I posted this by mistake in the beta-tester forum 2 days ago. It has disappeared. I don’t know why. Let’s try again.
After not using my 1430 for a few weeks, I did some routine cleaning and refilled the cartridges. The I ran the 6-channel purge image in calibration mode to be sure all was well before getting down to making negatives. (I use this printer only for PiezoDN negatives.) Here is what came out:
Shade 6 is full of random black (or maybe I should say dark) spots for the entire length of the image. I’ve never seen (or heard of) anything like it in the 20-something years I’ve been using inkjet printers. Walker has previously suggested checking the ink stems:
Shade 6 is at the far left and is relatively clean. Black is next to it and rather messy. I cleaned them all and have run several more purge pages, but the problem persists.
Has anyone seen anything like this? Is there a solution?
Also of note, in the nozzle check there is 1 segment missing in shade 4. It’s been like this for about 3 months, but I haven’t seen any ill effects on my negatives so I’ve been ignoring it.
Sorry for the missing post. I tried moving it to another category upon your request but I may have inadvertently deleted it.
This is the first time I’ve seen this (have not seen this issue on any printer at IJM) so I’m interested if anyone else has this issue as well. I did a test of existing carbon LOT in a 1430 today to verify that the shade 6 is good and no dots (new cartridge) so this still points to some infiltration of a different ink into the cartridge or ink inlet stem.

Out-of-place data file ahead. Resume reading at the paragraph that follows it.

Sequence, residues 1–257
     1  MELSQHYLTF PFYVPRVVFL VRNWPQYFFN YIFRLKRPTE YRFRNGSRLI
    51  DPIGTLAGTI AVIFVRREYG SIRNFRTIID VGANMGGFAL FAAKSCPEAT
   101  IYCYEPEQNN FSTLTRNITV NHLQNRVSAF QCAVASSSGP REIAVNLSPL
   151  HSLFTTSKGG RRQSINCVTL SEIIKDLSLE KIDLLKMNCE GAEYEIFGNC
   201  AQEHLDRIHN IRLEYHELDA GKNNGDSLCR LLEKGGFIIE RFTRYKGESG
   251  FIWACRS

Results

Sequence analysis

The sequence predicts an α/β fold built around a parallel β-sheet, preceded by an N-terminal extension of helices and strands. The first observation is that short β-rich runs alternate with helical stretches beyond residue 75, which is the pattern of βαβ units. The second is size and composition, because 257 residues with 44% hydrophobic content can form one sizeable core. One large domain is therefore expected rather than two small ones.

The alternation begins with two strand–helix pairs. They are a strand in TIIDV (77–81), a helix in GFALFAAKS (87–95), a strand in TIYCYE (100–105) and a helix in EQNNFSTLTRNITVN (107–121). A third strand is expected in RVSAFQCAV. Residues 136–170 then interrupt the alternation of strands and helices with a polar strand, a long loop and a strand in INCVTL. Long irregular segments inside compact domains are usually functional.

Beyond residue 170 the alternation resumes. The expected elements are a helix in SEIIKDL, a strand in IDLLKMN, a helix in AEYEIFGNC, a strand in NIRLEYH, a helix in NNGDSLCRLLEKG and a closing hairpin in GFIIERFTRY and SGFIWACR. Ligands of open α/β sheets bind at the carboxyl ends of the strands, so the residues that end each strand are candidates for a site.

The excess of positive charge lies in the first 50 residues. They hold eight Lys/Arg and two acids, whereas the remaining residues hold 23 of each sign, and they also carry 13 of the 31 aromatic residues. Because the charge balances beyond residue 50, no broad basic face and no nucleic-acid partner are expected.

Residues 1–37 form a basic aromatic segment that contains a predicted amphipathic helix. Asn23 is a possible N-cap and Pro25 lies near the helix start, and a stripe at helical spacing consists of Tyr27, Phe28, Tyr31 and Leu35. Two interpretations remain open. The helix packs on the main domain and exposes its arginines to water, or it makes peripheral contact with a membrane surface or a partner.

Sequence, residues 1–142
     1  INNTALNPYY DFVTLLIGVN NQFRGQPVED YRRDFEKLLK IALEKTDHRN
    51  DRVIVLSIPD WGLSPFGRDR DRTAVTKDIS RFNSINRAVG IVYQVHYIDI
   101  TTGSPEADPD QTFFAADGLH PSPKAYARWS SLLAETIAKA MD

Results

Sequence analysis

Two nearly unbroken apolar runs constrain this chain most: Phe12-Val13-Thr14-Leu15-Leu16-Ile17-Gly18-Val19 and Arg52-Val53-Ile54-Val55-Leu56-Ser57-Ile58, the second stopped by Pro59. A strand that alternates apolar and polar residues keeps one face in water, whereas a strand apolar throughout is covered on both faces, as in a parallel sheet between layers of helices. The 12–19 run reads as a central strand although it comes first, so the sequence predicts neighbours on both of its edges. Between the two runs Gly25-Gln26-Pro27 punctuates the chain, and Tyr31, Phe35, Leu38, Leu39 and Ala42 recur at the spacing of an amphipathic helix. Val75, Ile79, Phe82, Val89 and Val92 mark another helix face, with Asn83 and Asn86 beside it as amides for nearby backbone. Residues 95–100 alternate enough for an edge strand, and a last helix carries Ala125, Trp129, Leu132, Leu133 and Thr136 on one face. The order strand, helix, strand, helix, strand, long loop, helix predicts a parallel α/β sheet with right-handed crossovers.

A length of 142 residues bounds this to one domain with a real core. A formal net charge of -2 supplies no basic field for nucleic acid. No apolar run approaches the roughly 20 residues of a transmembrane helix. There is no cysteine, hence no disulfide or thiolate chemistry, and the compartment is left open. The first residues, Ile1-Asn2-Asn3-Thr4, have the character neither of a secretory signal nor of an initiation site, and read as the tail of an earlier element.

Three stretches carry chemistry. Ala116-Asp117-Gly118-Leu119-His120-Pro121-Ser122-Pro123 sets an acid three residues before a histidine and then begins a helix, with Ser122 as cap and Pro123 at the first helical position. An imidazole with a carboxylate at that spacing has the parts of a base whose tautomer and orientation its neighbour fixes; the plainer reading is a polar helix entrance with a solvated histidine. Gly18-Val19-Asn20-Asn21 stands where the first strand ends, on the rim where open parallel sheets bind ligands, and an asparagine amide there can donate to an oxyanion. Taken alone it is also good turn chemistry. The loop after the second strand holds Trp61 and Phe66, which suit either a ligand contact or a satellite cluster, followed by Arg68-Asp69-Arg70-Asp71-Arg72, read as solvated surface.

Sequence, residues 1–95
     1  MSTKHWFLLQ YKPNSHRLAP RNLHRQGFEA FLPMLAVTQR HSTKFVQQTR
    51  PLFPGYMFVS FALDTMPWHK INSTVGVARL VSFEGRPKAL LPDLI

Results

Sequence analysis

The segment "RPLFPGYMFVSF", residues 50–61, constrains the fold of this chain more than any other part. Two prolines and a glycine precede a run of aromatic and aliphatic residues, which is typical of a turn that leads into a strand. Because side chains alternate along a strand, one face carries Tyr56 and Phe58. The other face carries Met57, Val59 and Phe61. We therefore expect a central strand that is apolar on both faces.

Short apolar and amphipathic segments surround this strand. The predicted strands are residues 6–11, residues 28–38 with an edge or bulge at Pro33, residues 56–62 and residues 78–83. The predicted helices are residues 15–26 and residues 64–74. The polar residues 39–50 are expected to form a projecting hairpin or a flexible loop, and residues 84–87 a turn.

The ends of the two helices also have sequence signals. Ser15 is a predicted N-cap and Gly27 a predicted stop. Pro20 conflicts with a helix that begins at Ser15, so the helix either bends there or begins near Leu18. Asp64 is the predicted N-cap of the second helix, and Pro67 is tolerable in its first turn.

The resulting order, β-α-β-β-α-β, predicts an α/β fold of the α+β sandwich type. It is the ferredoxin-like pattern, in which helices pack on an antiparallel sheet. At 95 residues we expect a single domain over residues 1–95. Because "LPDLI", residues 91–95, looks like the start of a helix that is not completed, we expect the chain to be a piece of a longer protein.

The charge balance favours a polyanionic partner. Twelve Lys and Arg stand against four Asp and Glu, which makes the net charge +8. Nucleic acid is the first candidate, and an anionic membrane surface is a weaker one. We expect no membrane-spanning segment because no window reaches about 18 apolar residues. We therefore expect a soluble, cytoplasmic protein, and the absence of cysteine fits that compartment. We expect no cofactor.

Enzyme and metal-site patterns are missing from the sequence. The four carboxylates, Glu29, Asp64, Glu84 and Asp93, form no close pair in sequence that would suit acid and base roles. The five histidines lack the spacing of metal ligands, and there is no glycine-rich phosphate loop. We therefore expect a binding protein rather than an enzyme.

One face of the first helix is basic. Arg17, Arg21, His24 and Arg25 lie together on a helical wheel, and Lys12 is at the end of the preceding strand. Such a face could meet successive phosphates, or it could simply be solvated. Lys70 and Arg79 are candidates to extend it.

New one for me too, and I thought I had seen all possible desktop gremlins. If it were mine, I’d do a full Dana clean routine, but you say that you’ve just done one. Perhaps do another extra-thorough one, esp under the print head. I can’t see that it’s ink contamination, and there’s no sign of cross-channel bleeding in the nozzle check.
Thanks, guys. I’ve got an extra full set of carts so I’ll replace the Y and K to start with and see what happens. I will report back later.
I do the full cleaning routine, using a lint-free scanner wipe rather than Bounty paper towel which make a huge difference, and cleaning the cap and wiper, every couple of weeks when it’s being used regularly. There does seem to be more ink around the cap (as opposed to in it) than I’d like to see, and the wiper is always gunked up, but the regular cleanings have kept it humming along. I’ll be very happy if this little machine gets me thru the summer, or until we solve the mystery of why my 3880 can’t make a decent negative.